THERE WAS A noticeable leap in the number of German tourists coming to Ireland last year, which Davy analysts have attributed to the old mantra, “build it and they will come”.
Recent figures from the Central Statistics Office show that an estimated 817,800 overseas visitors from Germany came to these shores in 2018, a 20% increase on the previous year’s tally.
In a briefing note today, number crunchers at Davy explained that “the building out of airline seat capacity” played a significant role in bolstering the figures.
Data produced by the stockbroker showed that the number of airline seats available between Germany and Dublin “increased 12% in 2017 but jumped a further 24% in 2018″.
“This increase in traffic was well-placed by the airlines – while the number of visitors from Germany grew just 4.5% in 2017, it jumped a substantial 20% in 2018,” analysts wrote in the briefing note.
Dublin Airport’s schedule alone for last summer provided 180 weekly services to Germany, putting it in second place after Spain as the most well-served mainland European destination during the busy travel season.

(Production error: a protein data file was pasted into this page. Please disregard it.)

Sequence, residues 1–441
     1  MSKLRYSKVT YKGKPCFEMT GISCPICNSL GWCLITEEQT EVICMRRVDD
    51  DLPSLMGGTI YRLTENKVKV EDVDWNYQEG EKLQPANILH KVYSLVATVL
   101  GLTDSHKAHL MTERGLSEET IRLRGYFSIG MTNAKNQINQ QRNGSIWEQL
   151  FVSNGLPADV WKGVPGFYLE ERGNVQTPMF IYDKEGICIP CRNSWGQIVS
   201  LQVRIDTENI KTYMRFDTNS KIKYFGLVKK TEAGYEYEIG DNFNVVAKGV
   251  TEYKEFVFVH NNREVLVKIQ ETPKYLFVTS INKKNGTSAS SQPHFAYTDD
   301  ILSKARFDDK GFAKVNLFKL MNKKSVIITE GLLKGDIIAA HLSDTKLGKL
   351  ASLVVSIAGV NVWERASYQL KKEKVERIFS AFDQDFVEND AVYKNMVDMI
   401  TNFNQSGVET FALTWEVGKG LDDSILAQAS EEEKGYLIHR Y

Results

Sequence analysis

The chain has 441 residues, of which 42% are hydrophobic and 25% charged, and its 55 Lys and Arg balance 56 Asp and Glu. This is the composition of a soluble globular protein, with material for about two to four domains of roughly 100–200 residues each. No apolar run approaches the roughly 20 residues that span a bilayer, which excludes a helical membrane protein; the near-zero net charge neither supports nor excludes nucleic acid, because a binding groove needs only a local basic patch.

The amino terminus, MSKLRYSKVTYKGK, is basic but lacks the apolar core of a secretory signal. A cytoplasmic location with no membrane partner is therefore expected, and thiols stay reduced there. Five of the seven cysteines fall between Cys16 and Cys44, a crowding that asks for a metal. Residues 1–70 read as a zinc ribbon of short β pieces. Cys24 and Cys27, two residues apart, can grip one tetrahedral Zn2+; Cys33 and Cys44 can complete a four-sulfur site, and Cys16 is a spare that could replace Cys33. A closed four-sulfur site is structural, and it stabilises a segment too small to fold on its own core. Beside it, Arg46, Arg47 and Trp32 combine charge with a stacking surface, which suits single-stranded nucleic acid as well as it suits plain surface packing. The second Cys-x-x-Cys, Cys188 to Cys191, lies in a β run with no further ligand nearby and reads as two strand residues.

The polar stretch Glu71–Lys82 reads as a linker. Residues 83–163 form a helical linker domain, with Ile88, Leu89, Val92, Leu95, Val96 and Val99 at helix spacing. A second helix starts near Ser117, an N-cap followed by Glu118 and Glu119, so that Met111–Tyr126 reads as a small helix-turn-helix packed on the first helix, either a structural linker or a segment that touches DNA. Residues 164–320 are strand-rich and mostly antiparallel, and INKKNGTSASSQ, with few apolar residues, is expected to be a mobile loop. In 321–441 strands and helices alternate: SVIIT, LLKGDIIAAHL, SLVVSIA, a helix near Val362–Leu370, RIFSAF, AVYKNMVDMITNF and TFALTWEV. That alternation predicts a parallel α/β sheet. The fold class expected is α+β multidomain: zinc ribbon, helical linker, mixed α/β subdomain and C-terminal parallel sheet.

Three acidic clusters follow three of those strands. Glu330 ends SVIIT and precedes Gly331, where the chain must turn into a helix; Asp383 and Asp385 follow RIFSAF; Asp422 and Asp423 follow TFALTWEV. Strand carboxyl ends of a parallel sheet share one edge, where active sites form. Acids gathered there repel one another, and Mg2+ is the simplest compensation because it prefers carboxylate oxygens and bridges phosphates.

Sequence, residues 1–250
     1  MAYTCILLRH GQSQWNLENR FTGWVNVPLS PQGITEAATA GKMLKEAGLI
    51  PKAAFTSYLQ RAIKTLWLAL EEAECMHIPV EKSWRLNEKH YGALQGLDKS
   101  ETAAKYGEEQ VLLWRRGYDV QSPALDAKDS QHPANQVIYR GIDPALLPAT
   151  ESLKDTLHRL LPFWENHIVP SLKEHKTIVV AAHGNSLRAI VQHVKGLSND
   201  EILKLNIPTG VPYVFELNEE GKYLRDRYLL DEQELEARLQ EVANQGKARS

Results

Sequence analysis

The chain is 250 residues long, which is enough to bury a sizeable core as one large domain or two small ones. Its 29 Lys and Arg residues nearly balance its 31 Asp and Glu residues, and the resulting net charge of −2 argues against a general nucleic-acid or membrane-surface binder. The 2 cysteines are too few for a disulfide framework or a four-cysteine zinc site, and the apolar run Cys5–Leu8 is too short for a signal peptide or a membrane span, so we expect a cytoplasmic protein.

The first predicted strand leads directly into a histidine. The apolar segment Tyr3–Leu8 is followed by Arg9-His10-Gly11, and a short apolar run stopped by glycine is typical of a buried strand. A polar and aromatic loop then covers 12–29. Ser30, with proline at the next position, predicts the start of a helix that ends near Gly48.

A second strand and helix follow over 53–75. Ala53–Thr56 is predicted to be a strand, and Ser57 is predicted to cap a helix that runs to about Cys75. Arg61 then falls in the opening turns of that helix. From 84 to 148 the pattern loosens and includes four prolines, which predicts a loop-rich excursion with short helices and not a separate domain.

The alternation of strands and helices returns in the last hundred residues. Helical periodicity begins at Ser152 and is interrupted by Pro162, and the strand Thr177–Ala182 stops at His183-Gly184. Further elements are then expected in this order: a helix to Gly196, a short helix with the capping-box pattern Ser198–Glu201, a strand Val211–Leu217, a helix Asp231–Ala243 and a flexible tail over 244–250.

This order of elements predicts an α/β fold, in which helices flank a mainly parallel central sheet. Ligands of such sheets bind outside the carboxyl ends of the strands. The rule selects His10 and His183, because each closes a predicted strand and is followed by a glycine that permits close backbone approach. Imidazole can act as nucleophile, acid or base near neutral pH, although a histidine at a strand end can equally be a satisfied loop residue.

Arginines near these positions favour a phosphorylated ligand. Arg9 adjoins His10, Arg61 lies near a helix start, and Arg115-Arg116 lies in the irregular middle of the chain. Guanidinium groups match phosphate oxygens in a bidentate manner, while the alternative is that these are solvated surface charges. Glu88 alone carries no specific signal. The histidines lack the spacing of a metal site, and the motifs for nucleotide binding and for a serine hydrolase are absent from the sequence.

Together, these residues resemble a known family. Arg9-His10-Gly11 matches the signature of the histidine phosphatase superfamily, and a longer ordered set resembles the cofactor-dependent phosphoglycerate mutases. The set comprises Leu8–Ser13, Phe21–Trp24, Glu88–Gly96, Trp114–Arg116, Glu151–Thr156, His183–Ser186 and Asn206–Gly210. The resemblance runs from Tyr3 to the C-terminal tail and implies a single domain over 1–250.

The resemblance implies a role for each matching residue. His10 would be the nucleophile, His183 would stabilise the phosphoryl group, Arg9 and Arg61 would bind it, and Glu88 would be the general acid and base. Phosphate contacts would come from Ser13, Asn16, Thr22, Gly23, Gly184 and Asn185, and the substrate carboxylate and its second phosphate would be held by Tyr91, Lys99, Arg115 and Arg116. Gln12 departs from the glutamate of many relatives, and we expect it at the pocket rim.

Davy noted that winter capacity for the 2018-2019 season to Ireland is expected to increase 7% year-on-year, which the analysts said should “help to further underline the strength in visitors to Ireland in 2019″.
The current winter schedule for Dublin Airport provides 168 weekly services to and from Germany, higher than any other mainland European destination.
The research produced by Davy – which monitors Ireland’s largest hotel group, Dalata – also provided a check-up on the hotel industry in the immediate aftermath of the 4.5% increase in VAT for tourism-related businesses, which kicked in in January.
Collating data produced by hospitality analytics firm STR Global, the pundits wrote that the average rate of revenue per available room (revPAR) – the estimated amount of money a hotel makes on each room – started 2019 “on a solid footing” in both Dublin and regional areas.
The figures show that revPAR for Dublin increased by 0.9% to less than €80 per room, while the average daily rate went up by 2.1% to just under €120.
Figures for regional hotels – which are based on data provided to STR by hoteliers in Kilkenny, Cork, Galway, Sligo and provincial clusters – showed that revPAR increased 4.9% in January to over €40 while the average daily rate was about €85, representing a 3.9% spike.
Davy noted that the overall strength in the number of continental European visitors to Ireland – which represented the largest tourist market last year, bringing 3.8 million people here – is seen as “positive for hotels given higher spend and greater usage of hotels versus UK visitors”.